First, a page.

Not all breast lumps are cancers. Infact most palpable breast lumps in women <40 years="" of="" age="" are="" benign="" non-cancerous="" breast="" conditions="" are="" very="" common="" and="" not="" life="" threatening="" surgery="" for="" these="" patients="" if="" required="" can="" usually="" be="" performed="" in="" day-surgery="" units="" with="" either="" general="" or="" local="" anaesthesia="" and="" sedation="" --40--="">
Benign breast tumors (e.g. fibro-adenomas) are non-cancerous growths where breast cells have grown abnormally and rapidly, forming a lump. These tumours feel solid and can be mistaken by patients for breast cancer. They particularly occur in women aged 25-35 years, when hormones are most active on the breast tissue.
Benign breast tumors may be uncomfortable and some are even quite painful, however they are not dangerous and do not spread from the breast to other organs. Still it is important to be aware of some benign breast conditions, such as ductal papilloma and atypical hyperplasia, because often women with these tumours may have a slightly higher risk of developing breast cancer. There are rare types of benign tumours (e.g. Phyllodes Tumours or cystosarcomas) which behave like cancers and can be rapidly growing, invading the breast tissue without spreading outside of the breast to other parts of the body. These can be sometimes difficult to treat and often recurr locally. o as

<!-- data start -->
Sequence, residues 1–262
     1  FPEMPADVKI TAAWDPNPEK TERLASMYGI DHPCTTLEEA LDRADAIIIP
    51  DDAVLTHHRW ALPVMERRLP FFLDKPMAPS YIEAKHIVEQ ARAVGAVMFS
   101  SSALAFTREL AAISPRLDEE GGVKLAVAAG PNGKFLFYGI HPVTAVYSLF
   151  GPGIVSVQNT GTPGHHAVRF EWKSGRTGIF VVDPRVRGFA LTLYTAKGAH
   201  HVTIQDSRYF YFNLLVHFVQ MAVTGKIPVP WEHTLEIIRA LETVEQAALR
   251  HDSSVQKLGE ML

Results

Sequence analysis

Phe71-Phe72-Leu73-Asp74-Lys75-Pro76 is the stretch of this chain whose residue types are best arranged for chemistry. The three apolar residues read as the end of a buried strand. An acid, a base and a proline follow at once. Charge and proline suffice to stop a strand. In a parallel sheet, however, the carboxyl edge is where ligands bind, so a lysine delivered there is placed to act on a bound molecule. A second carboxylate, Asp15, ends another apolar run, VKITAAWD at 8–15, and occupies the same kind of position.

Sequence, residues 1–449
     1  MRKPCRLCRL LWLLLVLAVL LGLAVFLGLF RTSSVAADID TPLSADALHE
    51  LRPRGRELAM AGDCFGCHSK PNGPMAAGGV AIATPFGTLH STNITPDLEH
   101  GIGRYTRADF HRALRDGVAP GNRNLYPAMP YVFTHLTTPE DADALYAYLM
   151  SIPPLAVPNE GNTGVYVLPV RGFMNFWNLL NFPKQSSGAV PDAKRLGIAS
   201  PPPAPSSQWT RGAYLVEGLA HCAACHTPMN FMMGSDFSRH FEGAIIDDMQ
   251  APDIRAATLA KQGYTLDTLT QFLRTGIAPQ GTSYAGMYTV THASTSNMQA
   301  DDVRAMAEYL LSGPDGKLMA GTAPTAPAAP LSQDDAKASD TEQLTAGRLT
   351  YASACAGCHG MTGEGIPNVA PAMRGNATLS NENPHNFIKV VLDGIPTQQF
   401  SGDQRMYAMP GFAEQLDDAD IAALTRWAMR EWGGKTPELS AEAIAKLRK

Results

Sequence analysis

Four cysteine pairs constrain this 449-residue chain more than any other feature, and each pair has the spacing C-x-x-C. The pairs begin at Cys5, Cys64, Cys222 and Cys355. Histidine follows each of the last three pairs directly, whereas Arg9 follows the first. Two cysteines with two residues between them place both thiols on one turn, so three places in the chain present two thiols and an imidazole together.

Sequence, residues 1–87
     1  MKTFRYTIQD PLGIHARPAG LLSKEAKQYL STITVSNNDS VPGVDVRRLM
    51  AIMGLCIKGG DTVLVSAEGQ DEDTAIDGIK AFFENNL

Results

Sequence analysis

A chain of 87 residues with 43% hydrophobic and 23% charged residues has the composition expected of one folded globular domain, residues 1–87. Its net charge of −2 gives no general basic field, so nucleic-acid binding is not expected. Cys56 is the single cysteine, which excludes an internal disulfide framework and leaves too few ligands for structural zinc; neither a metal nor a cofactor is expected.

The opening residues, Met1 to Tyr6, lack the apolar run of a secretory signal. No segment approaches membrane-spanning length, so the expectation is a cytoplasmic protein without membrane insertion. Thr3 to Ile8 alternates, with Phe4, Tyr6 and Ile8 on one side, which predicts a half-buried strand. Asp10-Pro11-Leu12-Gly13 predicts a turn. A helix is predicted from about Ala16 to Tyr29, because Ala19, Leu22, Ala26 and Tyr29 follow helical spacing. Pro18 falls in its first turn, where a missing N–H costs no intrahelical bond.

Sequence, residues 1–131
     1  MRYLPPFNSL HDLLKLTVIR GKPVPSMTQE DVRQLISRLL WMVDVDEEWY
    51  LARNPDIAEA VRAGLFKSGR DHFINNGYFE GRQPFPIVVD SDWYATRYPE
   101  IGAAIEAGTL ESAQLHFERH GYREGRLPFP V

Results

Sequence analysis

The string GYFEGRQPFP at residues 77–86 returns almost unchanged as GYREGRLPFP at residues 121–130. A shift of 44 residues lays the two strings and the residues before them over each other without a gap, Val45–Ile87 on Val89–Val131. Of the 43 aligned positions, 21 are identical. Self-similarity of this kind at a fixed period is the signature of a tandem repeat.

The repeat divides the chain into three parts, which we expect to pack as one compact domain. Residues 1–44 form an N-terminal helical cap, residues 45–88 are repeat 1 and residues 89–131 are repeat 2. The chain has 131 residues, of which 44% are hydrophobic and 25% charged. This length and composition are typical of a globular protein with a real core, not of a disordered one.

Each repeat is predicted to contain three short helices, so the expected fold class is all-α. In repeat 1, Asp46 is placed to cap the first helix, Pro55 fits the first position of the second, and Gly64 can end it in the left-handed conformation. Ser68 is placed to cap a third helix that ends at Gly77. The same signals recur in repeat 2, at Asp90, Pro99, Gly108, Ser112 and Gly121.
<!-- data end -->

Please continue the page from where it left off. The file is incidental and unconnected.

A biopsy (excision or needle) is often the only way to determine if a lump is benign or cancerous. Commonly during a biopsy procedure, a small fragment of the tumour is removed and sent to be studied under a microscope by an expertly qualified pathologist. Sometimes even a benign tumour may become quite large, changing the breast size or shape. If the tumour is growing into the tissue of the milk ducts, it may cause an abnormal nipple discharge. Depending on the type, size, and number of benign tumors, surgery may be recommended to remove them particularly if a patient remains anxious by the presence of a lump in the breast or the appearance of the breast because of the lump. These are alll well recognised reasons for excision of benign breast lumps.
Many women get fibrosis or cysts at some time in their lives. These changes are usually affected by hormones and get worse during menstrual periods.
Fibrosis is the result of scarring in the connective tissues and cysts are fluid-filled spaces or sacs within the breast tissue. These changes can cause areas of lumpiness, thickening, tenderness, nipple discharge or pain in the breast. If they are painful, cysts can be treated by taking out the fluid with a needle and syringe, but they often refill with fluid again.
Very rarely benign tumours and cysts may contain cancer within them so it is important for women with breast lumps and cysts to have radiological tests and be assessed indiviually by Dr Girardi, a specialist breast surgeon, who may be able to provide expert advice on how to manage these problems.